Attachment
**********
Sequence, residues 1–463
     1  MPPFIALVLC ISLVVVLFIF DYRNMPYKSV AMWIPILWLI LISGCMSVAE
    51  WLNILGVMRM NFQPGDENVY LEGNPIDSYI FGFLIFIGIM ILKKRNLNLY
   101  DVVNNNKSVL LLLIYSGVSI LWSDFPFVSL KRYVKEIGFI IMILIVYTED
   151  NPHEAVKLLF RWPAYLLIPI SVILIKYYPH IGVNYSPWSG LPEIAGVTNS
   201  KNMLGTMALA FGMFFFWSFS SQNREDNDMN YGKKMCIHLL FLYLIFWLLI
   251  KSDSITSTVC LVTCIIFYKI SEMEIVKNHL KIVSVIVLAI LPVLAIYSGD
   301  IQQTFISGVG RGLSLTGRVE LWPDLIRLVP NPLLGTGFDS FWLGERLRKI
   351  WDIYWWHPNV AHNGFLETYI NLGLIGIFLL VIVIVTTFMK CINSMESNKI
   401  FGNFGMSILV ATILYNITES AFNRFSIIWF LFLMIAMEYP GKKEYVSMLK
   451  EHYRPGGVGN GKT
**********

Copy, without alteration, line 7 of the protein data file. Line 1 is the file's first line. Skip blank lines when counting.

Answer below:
   251  KSDSITSTVC LVTCIIFYKI SEMEIVKNHL KIVSVIVLAI LPVLAIYSGD